01/27/14 — County seeking Troxler's help on ag center

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County seeking Troxler's help on ag center

By Steve Herring
Published in News on January 27, 2014 1:46 PM

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This aerial overview shows the plot near Cherry Hospital where the county would like to build a regional agricultural center. The county commissioners have asked for help from state Agriculture Commissioner Steve Troxler in securing the state-owned land.

A letter has been sent to North Carolina Commissioner of Agriculture Steve Troxler seeking his help in having the state convey land near Cherry Hospital for Wayne County's use as the site for a proposed $12 million regional agricultural center.

Wayne County Commissioner Bill Pate said last week that a letter, and photos of the proposed site near Cherry Hospital, were sent earlier this month to Troxler.

Pate is the chairman of the Wayne County Agricultural Committee. Julian Aycock, a farmer and member of the Wayne County Planning Board, is vice chairman.

In his letter, Pate asks for Troxler's partnership and the "possible conveyance of this property at the time construction funds become available."

The committee has looked at two sites -- the McFarland building across West Ash Street from the State Employees Credit Union and the old state-owned dairy property near Cherry Hospital.

The dairy site is preferred location since, unlike the McFarland property, it has room for expansion, Pate explained in the letter.

Solutions for Local Governments has updated the plan it prepared in 2006 for an agricultural center, and in October, commissioners appropriated $2 million for the project.

No timetable has been announced.

As envisioned, the center would be a two-story, 56,565-square-foot building that would house the Cooperative Extension Service, Cherry Farm administration, Center for Environmental Farming Systems, Farm Service Agency, Natural Resources Conservation Services and Wayne County Soil and Water.

Most of those offices are now in the Wayne Center in downtown Goldsboro.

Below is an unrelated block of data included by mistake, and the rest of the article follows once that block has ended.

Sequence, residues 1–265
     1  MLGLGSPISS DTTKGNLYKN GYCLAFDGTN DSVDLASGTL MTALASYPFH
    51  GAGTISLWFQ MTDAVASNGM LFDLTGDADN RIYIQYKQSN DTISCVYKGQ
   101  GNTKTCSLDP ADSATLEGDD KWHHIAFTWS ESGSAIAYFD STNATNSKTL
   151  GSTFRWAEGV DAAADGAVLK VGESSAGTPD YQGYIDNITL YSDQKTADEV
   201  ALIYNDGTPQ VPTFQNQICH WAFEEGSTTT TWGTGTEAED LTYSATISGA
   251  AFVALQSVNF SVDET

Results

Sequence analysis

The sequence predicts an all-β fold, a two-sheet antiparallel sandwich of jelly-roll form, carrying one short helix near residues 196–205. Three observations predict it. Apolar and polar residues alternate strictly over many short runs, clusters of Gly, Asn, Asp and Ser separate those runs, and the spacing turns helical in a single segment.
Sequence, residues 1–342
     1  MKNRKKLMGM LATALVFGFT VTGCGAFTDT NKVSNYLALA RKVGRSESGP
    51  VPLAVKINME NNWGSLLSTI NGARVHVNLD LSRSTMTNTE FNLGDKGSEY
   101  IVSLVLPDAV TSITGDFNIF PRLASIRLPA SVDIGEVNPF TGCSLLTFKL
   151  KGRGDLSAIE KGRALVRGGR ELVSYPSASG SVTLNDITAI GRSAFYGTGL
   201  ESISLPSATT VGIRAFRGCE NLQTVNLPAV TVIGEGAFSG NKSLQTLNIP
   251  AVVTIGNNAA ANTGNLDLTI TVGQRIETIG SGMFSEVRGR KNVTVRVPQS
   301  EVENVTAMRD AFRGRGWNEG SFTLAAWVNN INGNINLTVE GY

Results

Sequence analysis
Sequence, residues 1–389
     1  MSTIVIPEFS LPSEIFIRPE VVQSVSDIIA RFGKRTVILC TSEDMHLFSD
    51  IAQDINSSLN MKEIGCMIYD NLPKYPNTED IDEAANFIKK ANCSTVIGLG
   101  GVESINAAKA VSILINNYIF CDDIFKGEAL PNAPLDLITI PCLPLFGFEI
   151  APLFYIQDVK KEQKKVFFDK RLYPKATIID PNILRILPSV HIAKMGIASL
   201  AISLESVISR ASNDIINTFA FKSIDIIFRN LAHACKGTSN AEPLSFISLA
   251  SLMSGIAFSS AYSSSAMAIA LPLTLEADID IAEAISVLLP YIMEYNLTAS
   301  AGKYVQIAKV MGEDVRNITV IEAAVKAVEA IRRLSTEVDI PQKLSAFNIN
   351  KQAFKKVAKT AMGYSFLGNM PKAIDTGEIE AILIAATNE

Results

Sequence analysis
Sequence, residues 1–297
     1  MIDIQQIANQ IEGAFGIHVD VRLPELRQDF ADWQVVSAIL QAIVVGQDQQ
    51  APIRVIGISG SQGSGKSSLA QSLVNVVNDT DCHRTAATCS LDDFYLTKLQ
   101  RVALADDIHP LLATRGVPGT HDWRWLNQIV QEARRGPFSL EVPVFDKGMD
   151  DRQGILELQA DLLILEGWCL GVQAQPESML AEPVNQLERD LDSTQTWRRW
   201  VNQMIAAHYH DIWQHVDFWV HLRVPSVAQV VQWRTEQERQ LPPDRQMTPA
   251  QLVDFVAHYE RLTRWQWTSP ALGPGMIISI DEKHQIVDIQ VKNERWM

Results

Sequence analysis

The center also would include classrooms and an auditorium that could accommodate up to 378 people in banquet-style seating or 528 people in auditorium-style seating.

"Both our legislators and congressional members realize the importance of agriculture in Wayne County and want to partner with Wayne County," Pate said in the letter. "Requests for funding have already been sent to both our state and federal partners, but again, a site must first be determined before funding decisions can be made in both the Legislature and Congress.

"Wayne County needs a regional agriculture center to address the business of agriculture, promote the importance of agriculture in the region, and provide a single place for the delivery of services. The center will also provide a centrally located educational venue for the consumers, the agricultural community and agri-businesses."

Wayne County will partner with farmers, the Cooperative Extension Service, Cherry Research Farm, Center for Environmental Farming Systems, USDA Farm Service Agency, Natural Resources Conservation Service and Wayne County Soil and Water Conservation, Pate wrote.

Commissioners initially formed the committee to study the feasibility of building a center, but has since expanded its scope to include the county's agriculture and agri-business community as a whole.

There are two subcommittees -- funding, chaired by Greg Shackleford of Southern Bank and Trust Co., and facility, chaired by Wayne County Fair Manager Eddie Pitzer.